In 1953, a group of men from Zeta Kappa Chapter of Alpha Phi Omega National Service Fraternity decided they needed another organization to help them with projects on campus and in the city of Bowling Green, Ohio. These men met with the deans of the various departments of the university to decided whether there should be another service fraternity at Bowling Green State University. A meeting was held to see if any interest existed, and many women attended. Realizing a change was needed for various projects, plans were made to organize a women's service sorority. Since the objectives of the two organizations were to be the same -- service, leadership, and friendship -- a similar name was chosen: Omega Phi Alpha. Membership was open to university women who had been Girl Scouts or Camp Fire Girls. This rule was later changed in 1958.
In 1958, Eastern Michigan University in Ypsilanti wrote to Bowling Green State University about how to form an Omega Phi Alpha chapter. The material was sent to Michigan, and that group held its first meeting on April 22nd, 1958. The women of Eastern Michigan's new OPA chapter conducted several service and fund-raising activities. They took their first pledge class the following fall. Communication began between the two groups about the possibility of becoming a national organization, but the formation of a national sorority did not materialize.
In late 1962, a group of women at the University of Bridgeport in Connecticut communicated with the group in Ypsilanti about becoming an Omega Phi Alpha chapter. The Bridgeport and Ypsilanti groups continued communication, with the women in Ypsilanti acting as "big sisters" to the women in Bridgeport for an induction ceremony. The new group was designated Beta Chapter, Omega Phi Alpha. The Ypsilanti group called itself Alpha Chapter, Omega Phi Alpha.
At Bowling Green, a lack of common ground in the requested projects and the background of the members led to a great decline in the chapter. But in September 1964, a few remaining members, Carole Close, Bonnie Widder, Maureen Welder, Joan Demuth, and others decided there was still a need for O Phi A at Bowling Green State University. They women met with Dr. J. E. Timm, the original advisor, to see what could be done to reorganize. In order to obtain active membership, they decided to pledge any interested women in good standing with the university. The response was tremendous as the fall 1964 pledge class had 105 women.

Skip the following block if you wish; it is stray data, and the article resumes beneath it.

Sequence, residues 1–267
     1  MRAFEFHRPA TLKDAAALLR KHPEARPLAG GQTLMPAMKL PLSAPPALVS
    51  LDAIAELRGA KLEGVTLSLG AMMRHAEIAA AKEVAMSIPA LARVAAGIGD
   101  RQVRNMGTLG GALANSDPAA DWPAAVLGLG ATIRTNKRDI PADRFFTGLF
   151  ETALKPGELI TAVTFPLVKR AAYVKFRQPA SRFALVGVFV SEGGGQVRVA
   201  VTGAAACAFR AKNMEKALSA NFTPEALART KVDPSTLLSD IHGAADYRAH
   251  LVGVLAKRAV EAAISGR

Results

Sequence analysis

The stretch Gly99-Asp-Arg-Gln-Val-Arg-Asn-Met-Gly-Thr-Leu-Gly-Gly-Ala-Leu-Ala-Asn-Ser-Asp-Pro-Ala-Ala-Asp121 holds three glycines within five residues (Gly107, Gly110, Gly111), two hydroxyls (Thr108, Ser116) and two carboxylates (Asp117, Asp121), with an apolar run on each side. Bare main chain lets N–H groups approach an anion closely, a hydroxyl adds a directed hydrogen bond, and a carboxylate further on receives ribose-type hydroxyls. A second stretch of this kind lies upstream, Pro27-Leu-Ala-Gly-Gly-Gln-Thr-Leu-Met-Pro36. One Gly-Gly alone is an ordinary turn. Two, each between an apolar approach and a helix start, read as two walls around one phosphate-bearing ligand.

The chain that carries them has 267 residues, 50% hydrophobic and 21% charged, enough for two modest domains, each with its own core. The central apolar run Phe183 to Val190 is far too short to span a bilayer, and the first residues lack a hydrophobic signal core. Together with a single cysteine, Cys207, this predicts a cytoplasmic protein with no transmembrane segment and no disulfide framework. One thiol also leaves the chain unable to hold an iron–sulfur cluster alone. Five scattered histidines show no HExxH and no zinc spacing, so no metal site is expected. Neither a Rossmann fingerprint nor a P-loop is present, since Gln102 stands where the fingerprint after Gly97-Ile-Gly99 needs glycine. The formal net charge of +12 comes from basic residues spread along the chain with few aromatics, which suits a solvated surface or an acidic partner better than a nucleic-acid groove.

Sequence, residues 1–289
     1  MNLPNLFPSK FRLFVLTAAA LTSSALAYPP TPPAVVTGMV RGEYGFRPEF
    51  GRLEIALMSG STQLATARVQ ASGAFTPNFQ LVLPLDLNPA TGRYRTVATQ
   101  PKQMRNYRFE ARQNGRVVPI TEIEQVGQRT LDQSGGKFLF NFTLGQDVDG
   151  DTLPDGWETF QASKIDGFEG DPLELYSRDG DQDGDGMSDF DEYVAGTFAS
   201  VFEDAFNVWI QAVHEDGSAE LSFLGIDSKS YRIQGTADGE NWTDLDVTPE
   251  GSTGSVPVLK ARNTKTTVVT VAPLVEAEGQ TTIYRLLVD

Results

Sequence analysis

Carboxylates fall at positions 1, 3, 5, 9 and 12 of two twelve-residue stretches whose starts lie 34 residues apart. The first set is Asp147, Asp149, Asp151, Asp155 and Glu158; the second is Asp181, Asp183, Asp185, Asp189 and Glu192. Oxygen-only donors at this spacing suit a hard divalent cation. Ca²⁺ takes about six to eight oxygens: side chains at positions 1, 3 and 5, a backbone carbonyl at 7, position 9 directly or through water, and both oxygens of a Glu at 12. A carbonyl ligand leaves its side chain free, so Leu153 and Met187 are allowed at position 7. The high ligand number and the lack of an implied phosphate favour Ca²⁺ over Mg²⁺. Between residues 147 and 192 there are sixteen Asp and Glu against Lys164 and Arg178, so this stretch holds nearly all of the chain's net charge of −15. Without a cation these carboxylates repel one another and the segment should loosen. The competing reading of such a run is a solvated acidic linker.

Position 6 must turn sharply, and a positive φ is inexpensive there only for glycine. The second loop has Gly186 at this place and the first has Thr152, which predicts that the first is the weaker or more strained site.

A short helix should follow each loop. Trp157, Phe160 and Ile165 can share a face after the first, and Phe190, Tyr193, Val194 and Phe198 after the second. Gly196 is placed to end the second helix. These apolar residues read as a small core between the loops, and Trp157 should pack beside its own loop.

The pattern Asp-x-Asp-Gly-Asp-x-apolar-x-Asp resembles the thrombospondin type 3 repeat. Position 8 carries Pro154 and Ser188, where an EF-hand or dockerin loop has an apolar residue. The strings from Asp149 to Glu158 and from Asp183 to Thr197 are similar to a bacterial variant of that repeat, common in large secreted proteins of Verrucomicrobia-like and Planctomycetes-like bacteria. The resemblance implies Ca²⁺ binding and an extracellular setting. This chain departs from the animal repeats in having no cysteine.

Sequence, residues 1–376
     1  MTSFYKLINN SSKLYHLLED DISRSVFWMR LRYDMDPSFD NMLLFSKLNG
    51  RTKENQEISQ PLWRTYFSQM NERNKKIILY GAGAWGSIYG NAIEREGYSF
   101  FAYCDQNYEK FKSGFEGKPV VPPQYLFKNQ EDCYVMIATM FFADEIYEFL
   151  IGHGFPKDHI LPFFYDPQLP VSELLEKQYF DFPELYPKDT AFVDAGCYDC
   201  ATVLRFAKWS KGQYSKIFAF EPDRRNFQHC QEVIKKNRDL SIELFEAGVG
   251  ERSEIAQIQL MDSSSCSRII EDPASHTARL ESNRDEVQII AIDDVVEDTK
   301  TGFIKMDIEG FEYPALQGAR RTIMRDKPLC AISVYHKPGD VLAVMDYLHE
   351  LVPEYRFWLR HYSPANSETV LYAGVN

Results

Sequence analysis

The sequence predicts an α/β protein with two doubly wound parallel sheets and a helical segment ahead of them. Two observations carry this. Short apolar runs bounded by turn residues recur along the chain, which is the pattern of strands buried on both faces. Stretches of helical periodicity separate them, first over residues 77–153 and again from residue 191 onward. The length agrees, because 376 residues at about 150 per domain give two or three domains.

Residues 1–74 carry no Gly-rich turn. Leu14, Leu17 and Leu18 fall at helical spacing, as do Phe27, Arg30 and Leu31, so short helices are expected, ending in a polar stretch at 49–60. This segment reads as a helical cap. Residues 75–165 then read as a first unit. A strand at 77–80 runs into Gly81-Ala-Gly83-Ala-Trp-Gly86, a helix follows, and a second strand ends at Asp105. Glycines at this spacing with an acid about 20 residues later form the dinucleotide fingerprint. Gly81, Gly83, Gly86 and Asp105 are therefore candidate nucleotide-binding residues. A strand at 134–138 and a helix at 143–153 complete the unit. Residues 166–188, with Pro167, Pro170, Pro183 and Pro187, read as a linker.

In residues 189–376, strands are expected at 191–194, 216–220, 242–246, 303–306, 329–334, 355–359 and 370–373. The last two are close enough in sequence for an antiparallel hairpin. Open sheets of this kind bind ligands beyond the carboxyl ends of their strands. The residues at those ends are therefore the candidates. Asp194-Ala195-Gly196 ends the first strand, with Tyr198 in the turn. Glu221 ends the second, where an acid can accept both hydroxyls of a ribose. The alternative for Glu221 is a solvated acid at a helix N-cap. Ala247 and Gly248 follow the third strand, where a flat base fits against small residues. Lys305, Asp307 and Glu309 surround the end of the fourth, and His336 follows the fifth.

In the spring of 1966, Bowling Green's dean of women, Fayette Paulsen, notified the chapter that a letter was received from the Omega Phi Alpha chapter at Ypsilanti. The letter said the Michigan chapter had combined with the chapter in Connecticut and were now a national sorority. They wanted Bowling Green to affiliate with them. It was then discovered that the chapters in Ypsilanti and Bridgeport were not legally registered as a national sorority. As a result, Omega Phi Alpha in Bowling Green registered their petition first and asked the other two chapters to affiliate.
Thirteen months of hard work and organization began. A national convention was scheduled at Bowling Green in June 1967. At the convention, the three groups discussed ideas and found compromises that led to the formation of Omega Phi Alpha National Service Sorority. They decided that the Bowling Green group would be the Alpha chapter, since it had been in existence the longest and had filed the proper papers to register the Omega Phi Alpha name nationally first. Bridgeport retained the name of the Beta Chapter to avoid confusion. Ypsilanti became the Gamma chapter. The consolidation of the three groups into a national service sorority was finalized on June 15th, 1967.
Alpha, Beta and Gamma chapters continued for several years as a national sorority until women at Texas A&nsbp;M University formed Delta chapter in 1971. Omega Phi Alpha continues to promote service in various areas through young women in university communities. There are four areas of service that the sisters commit to: university-community, community-at-large, nations of the world, and the members of the sorority. Omega Phi Alpha is consistently growing in the numbers of active chapters at the national level, as well as the number of memberships at the local level.